Academic journal article The International Schools Journal

Mathematics Education - Making It Fit for Purpose

Academic journal article The International Schools Journal

Mathematics Education - Making It Fit for Purpose

Article excerpt

The ambitious programme that is Cambridge Mathematics was launched in March 2015 at the British Library in London. One year on seems an appropriate time to share to a wider audience what we have been doing, why we're doing it, and what we're aiming to do in these first five years. This article gives some of the background and presents some questions that we hope will inspire you to contribute to the discussion.

Why Cambridge Maths?

In many countries, it seems, there is some dissatisfaction with the current state of mathematics education. PISA and TIMMS rankings figure large in the minds of policy makers in education, who interrogate the mathematics curriculum and pedagogies of higher performing jurisdictions in an effort to determine the secrets of their success. High attainment in mathematics is seen as a key determiner of success in a globalised world which needs scientists and engineers, amongst others, to solve the problems of the future and ensure countries remain competitive.

Arguments abound about what would make a mathematics curriculum appropriate for the 21st century, including taking into account rapid changes in technology and informatics. How much, and what, do students need to know, and what habits of mind is it sensible to inculcate in order to prepare for life and work in the remainder of the century? Closer to home, many teachers describe the tension they feel between teaching mathematics for that deep understanding and creativity, and the pressure for students to perform well in high stakes tests which often favour procedural fluency over the solving of non-routine problems.

It is in the light of these issues, all of which seem to be particularly acute in the UK at present, that four departments' of Cambridge University have come together to try to do something different.

Competence in mathematics has been identified at EU level as one of the key competences for personal fulfilment, active citizenship, social inclusion, and employability in the local knowledge society of the 21st century.

(Mathematics in Education in Europe: Common Challenges and National Policies)

The Manifesto

The manifesto for Cambridge Maths can be read in full on the website (www.cambridgemaths.org). In summary, it sets out the aims and the principles underpinning our work: that Cambridge Maths will champion access for all students; use rigorous research to determine the most: effective ways of working that will improve outcomes; work and consult with partners in mathematics education both nationally and internationally in the public and private sectors; and develop a coherent and integrated programme.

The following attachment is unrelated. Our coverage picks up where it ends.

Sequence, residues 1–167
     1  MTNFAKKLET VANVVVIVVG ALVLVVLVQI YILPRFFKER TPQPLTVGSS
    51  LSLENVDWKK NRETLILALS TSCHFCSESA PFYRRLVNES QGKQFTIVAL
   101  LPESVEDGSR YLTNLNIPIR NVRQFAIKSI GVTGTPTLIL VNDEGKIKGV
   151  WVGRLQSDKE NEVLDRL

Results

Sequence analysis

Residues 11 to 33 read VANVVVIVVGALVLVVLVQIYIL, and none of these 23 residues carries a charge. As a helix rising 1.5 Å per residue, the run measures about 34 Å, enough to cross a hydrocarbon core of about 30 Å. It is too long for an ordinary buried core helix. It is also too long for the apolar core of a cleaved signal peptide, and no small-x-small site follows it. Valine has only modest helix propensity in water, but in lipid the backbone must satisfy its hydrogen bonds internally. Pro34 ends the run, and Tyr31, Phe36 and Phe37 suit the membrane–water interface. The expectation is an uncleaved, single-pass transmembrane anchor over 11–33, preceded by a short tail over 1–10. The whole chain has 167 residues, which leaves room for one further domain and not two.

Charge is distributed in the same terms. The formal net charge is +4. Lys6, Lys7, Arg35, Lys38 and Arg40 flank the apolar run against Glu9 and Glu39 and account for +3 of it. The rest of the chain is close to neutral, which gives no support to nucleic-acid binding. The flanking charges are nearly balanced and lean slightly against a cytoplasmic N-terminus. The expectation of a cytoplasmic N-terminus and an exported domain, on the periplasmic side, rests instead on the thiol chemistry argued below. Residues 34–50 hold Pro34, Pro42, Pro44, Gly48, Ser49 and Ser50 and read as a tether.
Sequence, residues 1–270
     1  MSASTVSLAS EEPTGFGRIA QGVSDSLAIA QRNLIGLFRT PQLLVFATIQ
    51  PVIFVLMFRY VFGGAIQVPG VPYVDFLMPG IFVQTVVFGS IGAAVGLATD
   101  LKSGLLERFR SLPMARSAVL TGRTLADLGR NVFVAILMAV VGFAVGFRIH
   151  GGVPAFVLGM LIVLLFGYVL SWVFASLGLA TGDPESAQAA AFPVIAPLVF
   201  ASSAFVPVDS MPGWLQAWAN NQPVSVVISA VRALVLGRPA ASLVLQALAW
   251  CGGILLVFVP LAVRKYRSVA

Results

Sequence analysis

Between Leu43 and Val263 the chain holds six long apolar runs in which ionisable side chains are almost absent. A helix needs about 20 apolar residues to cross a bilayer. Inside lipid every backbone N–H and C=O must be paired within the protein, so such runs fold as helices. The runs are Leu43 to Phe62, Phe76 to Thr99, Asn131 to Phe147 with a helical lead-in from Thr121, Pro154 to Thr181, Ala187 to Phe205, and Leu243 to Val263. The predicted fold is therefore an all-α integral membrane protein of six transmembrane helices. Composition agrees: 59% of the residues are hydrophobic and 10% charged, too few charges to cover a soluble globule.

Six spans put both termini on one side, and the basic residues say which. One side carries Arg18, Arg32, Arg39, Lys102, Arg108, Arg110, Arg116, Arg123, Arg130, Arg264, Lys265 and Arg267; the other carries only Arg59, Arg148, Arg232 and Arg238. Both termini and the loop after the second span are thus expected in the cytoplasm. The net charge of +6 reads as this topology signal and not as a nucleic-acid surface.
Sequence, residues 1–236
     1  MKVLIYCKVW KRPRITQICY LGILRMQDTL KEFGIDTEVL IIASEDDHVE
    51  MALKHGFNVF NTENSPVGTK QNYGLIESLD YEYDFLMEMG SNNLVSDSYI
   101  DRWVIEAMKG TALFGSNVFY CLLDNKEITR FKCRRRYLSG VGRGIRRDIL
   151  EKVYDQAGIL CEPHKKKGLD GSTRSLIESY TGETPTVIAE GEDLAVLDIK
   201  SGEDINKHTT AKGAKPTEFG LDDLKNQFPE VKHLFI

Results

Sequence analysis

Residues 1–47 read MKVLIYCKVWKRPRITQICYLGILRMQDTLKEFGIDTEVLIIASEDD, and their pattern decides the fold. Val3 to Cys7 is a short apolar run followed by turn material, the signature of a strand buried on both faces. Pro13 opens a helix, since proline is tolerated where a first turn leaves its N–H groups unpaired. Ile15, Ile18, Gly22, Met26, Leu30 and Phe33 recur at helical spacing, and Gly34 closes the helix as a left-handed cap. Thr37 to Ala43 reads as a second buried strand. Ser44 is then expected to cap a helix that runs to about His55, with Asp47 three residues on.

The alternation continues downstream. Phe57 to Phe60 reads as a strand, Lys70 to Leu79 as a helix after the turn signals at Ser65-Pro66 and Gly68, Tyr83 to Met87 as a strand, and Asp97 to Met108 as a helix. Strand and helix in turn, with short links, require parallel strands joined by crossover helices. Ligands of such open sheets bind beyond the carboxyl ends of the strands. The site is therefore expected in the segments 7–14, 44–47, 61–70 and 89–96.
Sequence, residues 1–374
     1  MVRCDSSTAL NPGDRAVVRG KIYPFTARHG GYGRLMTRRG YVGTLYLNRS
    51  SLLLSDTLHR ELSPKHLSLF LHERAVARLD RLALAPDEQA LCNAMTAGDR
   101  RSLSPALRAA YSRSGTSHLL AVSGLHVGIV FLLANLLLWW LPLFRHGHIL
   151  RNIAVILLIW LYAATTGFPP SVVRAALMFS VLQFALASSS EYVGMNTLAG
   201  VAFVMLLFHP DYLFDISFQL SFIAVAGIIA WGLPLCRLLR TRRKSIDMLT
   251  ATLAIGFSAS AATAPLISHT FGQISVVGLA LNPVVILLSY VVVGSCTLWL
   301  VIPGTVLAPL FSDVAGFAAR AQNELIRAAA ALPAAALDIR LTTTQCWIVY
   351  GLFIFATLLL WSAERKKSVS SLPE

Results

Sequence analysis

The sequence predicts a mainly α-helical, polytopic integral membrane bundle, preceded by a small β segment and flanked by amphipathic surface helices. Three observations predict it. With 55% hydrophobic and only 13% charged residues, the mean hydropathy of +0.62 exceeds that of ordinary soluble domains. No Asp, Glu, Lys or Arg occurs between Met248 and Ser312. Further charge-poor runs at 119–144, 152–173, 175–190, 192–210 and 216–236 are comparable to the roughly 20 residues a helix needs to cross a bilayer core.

The Framework

About: 25 years ago the Council of Europe devised the Common European Framework of Reference for Languages (CEFR). Its main aim was to provide a method of learning, teaching and assessing which applied to all languages in Europe, and it later became the basis of systems of validation of language ability. CEFR is now a widely accepted framework and thus prompted the suggestion that it could be possible to design an equivalent useful structure for mathematics.

The Framework will be the spine of the Cambridge Mathematics programme. It is a mapping of that part of the mathematics domain appropriate for students from five to 19, whatever the purpose of their study. We need, for example, to equip students to study to become academic mathematicians, to become highly skilled engineers, plumbers, hairdressers, teachers, and, not least, competent citizens who are able to make informed choices. We see these as different pathways through the framework, their starting points probably the same but diverging as the routes continue.

A quick way to design such a mapping would have been to amalgamate all the good bits from the various successful international curricula - to look for a lowest common denominator or perhaps a highest common factor! However the partnership feels that this is an opportunity to think afresh, learn from the latest educational and mathematical evidence and research, and also of course from successful international projects. …

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